Tom went outside to tend to Midge during all the commotion, Elva had hitched the horse to the front porch. After removing the saddle, the rancher checked the mare for any injuries. He stooped and run his hand down one leg and then another until he had checked each leg and the hooves for any gashes or abrasions. Once satisfied that Midge was in good shape, he led her to trough for water. As she drank, he walked to the porch and grabbed the saddle and placed it in the barn. Grabbing his tools, he walked out to the coral and began brushing his daughter’s horse.

The day’s events rushed through his mind. As he cared for Midge, his hand began to tremble as he thought about what could have happened to his youngest daughter. His gal had spirit, but when life threw her a curve, she would often retreat, seek cover, or run to her dad to alleviate her fears. His bashful girl worried him, but more than anything, he fretted that he would not always be able to protect her.

After putting Midge to pasture, the concerned father walked into the cabin. Elva placed a single finger to her lips to signal that Dotty had fallen asleep. “I made her some whiskey and tea with honey. After her ordeal, she went to sleep right away,” the woman told her husband.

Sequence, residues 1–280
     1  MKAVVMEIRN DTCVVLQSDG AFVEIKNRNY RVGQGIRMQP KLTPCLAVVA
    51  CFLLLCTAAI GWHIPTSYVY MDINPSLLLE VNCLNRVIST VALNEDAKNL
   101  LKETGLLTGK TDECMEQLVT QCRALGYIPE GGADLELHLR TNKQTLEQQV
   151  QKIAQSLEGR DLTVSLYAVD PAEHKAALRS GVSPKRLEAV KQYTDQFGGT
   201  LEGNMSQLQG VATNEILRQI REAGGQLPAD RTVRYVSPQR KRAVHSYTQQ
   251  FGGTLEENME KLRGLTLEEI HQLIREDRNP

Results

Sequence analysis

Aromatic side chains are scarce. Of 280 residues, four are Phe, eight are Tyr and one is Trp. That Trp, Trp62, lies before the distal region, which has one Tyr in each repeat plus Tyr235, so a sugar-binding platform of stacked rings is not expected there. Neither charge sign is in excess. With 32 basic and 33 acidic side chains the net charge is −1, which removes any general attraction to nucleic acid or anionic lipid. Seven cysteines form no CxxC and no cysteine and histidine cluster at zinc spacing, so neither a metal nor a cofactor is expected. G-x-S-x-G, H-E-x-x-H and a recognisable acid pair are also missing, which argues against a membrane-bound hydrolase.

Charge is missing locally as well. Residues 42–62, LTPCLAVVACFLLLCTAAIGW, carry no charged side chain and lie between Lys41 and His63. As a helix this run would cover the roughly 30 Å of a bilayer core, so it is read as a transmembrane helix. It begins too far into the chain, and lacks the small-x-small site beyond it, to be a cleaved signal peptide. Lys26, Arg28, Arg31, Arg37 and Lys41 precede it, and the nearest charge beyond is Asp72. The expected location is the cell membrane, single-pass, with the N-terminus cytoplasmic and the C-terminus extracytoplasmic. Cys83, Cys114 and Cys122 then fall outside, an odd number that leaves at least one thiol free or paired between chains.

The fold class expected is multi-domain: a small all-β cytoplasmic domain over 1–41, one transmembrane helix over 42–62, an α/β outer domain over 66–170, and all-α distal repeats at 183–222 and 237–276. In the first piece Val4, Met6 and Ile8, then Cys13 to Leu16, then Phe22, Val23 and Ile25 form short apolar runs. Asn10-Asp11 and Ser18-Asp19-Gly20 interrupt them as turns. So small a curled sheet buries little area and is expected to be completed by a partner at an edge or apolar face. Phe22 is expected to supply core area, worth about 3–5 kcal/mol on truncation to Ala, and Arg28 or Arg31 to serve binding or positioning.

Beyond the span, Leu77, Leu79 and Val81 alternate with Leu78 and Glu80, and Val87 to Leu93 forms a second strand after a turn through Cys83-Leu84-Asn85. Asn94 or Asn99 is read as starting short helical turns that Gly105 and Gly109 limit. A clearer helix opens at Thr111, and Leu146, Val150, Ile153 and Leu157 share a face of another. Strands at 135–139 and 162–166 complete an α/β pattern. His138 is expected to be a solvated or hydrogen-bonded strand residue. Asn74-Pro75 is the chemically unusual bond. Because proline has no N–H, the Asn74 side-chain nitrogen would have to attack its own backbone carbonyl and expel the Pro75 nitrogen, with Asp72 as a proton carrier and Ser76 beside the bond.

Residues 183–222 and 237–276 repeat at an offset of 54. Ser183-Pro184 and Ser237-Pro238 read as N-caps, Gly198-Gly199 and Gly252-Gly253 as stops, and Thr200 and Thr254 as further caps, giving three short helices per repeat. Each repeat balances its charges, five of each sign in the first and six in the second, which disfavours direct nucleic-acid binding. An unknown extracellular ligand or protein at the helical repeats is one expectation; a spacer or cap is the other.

“Good. Good,” her husband replied. “Let her rest. I will do her evening chores and help you milk the cows. Tom told his wife.

The little girl slept until supper when she could smell her mother making her favorite version of fried chicken in the oven of the old cookstove. She knew that meant she would also have mashed potatoes with country gravy. Suddenly, her stomach began to growl, for she had not had anything to eat since her ordeal, besides some crackers that her mom made her nibble on before she drank her tea and took her nap.

“That smells good!” She told her parents as she slipped into the kitchen. Looking up, the couple smiled at their daughter.

“Feelin’ better?” Her mom questioned.

“Yep, but I’m starving,” she replied.

Her father chuckled and told his girl to pull up a seat at the table. Her mom dished up plates for everyone and served her family. In between bites, Dotty told her parents about her day leading up to her mishap. “Tommy and I rode almost into town, but his horse threw a shoe. It took forever to walk back to his house, and it was hot. I couldn’t wait to get home.”

The couple glanced at each other and smiled, relieved to know she seemed to be back to normal. Dotty chattered away for the rest of the meal. After their supper, her mother started heating water for the dishes while her father cleared the table and wiped it clean. Dotty knew what was coming next. The family would listen to the radio and play games late into the night. The girl loved her family, and playing games was one of their favorite pastimes.

As her dad turned on the radio, Texas Jim Lewis began to croon. Once Tom settled in his chair, his foot went to tapping along with “Too Late to Worry, Too Blue to Cry.” Elva brought some coffee and a big bowl of buttered popcorn, and the family laughed into the night as they shared their evening together.

Photo by Timothy Dykes on Unsplash